Holy Scripture pronounces among other injunctions of the Law 'Thou shalt not kill', forbidding them [the Jews] when they celebrate the Passover even to touch any dead body. Nevertheless, they are falsely accused that, in that same solemnity, they make communion with the heart of a slain child. This is alleged to be enjoined by the Law, whereas in fact such an act is manifestly contrary to it. Moreover, if the body of a dead man is by chance found anywhere, they maliciously ascribe the cause of death to the action of the Jews. On this, and many other fictitious pretexts, they rage against the Jews and despoil them of their possessions, against God and Justice and the privileges mercifully granted to them by the Holy See; notwithstanding that they have never been tried for these crimes and have never confessed them and have never been convicted of them. By starvation, imprisonment and many heavy persecutions and oppressions they harass them, inflicting upon them divers kinds of punishment, and condemning large numbers to a most shameful death. Hence the Jews, who are under the power of the aforesaid nobles, lords and princes, are in a worse condition than were their fathers in Egypt, and are compelled to go into exile from localities where they and their ancestors have dwelt from time immemorial. Wherefore, fearing that they would be utterly exterminated, they have thought well to have recourse to the wisdom of the Apostolic See. We, therefore, being unwilling that the aforesaid Jews should be unjustly harassed (seeing that the compassionate God expects their conversion, and that we believe, according to the testimony of the prophet, that the remnant of them shall be saved), do ordain that you show yourselves favourable and benign towards them. Duly redress all that has been wrought against the Jews in the aforesaid matter by the said prelates, nobles and potentates; and do not allow them in future to be unjustly molested by anybody on this or any other similar charge. --- Roth, Cecil, The ritual murder libel and the Jew, London, 1934, appendix A (to read this document online, click here)
Needless to say that no nobleman or layman was redressed or brought to Christian justice for having participated to the massacre of Jews, despite this Papal Bull. And, three years later, in 1250, Pope Innocent IV ordered the bishop of Cordoba (which was conquered from the Muslims in 1236) to reduce the size of the synagogue of that great city.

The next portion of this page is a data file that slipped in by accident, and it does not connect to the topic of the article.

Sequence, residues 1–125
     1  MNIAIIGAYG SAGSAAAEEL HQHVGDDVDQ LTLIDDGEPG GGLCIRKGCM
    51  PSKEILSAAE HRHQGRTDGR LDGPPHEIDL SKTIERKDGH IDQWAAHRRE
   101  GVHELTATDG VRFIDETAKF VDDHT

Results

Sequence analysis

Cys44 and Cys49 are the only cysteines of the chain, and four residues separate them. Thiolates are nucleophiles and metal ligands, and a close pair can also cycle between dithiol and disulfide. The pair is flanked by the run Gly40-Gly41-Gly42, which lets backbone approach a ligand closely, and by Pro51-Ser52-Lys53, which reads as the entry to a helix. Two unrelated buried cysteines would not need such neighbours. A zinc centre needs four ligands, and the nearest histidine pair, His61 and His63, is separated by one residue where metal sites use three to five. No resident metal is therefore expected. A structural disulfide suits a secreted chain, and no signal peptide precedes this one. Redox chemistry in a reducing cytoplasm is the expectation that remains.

Year 5009 – 1249 CE – The crusade of Louis IXIn 1244, Jerusalem was taken by a Tartar army who was fleeing from the Mongol invasion in the East. The Pope called for another crusade but most nations were tired of this sort of effort that would only have limited success or short duration before the city would fall again to Muslim control. But Louis IX declared himself in favour of it. He had been successful at home by overcoming the heretic regions, and may have thought himself guided by God to reconquer the Holy City. Louis IX and his army landed in July 1249 in Damietta, Egypt, then moved towards Cairo in an attempt to take control of this important Muslim center and then negotiate with the Muslims about the Holy Land in exchange. But the campaign turned into a disaster and Louis returned to Damietta a few months later. His army was finally utterly vanquished and Louis taken prisonner. A high ransom was paid by France (and its Jews who had seen their assets confiscated before the crusade) for his release. He set off fro Acre, which was still a Crusader possession in the Holy Land, and then returned to France in 1254.